The city of Mesquite had a growing population of just under 16,400 in 2013. The city’s population grew by a whopping 62% between 2000 and 2010; for a while, this was the fastest-growing city in America. The pace of growth has slowed substantially since then. On the plus side, the rapid growth extended the city’s infrastructure; for example, there are now three I-15 freeway overpasses in town, whereas before the boom there was just one. And, neither of the two new overpasses connects to I-15, meaning that a cyclist need not fret about motor vehicles turning and hastening to access the freeway. This ride takes advantage of some of the new roads, and a few of the old ones, to cover the entire city, along with points east and west. The ride extends northeastward into neighboring Arizona, turning around in Littlefield, and southwestward, into Bunkerville and Riverside.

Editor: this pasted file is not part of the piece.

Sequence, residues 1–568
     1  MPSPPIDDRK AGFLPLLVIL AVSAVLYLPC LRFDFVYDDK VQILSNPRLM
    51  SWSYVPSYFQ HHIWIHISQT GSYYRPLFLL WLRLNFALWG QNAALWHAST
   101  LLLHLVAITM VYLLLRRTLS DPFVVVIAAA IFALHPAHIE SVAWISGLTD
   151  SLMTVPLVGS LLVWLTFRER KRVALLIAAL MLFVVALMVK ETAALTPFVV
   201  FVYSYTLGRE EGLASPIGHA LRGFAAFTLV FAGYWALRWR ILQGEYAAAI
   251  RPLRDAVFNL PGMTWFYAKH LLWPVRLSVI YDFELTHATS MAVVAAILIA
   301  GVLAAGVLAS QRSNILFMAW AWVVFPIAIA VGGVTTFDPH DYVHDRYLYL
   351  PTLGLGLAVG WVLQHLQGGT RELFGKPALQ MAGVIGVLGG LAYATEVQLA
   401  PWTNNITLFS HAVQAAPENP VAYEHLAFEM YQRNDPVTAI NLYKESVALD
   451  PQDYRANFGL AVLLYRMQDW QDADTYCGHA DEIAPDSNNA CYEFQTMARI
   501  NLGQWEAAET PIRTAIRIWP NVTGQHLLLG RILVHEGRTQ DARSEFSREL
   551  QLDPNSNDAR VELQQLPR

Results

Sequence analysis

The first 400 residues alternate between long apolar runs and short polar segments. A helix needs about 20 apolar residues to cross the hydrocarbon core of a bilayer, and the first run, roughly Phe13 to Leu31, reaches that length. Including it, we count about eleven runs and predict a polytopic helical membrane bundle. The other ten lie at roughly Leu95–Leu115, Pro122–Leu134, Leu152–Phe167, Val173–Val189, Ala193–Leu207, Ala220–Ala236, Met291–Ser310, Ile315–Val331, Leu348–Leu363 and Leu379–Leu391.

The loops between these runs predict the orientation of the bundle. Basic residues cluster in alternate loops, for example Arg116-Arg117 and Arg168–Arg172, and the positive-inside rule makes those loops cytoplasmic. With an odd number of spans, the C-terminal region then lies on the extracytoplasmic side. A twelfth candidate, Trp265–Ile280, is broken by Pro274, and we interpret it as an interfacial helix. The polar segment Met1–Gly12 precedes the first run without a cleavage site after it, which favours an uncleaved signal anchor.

Start the ride at Hunter Sports Park (elevation 1,597 feet), located at 500 East Mesquite Boulevard (east of Sand Hill Boulevard). Be sure to fill up on water here, especially if you are doing this ride during any season other than winter or late autumn. (The average daytime temperature in Mesquite exceeds 80oF from April through October, and 100oF from June through September). Exit the park and head north on Mimosa Way. Turn left onto Old Mill Road, and then turn right onto the back road behind Bowler Plaza (retail center). Exit and turn right onto Hillside Drive. You are now one-half mile into the ride, and the Arizona state line is just 0.8 miles up the road. Once across the border, you are riding on Old U.S. Highway 91, which was formerly the main road through here, long before I-15 was built. On your right is Palms Golf Club, one of the Mesquite area’s seven (!) courses (making the city a highly-regarded golf destination). Yell “fore!” as you ride past. The highway continues to climb gradually. After reaching a crest (1,873 feet) at mile 3.75, the highway curves to the right, veering away from the I-15 corridor, and into a rugged desert landscape. Cross the Virgin River at mile 4.25; the river flow ranges from essentially dry all the way to flood stage, after a major rainstorm. Old Highway 91 rolls through here, with the elevation ranging from 1,700 to about 1,850 feet. After a three-quarter mile climb at a 3.3% grade, the highway leaves the scenic environs of the many gorges carved out by the Virgin River, and enters a wide-open desert plain. The high elevation of the ride, 1,962 feet, is reached at mile 8.4.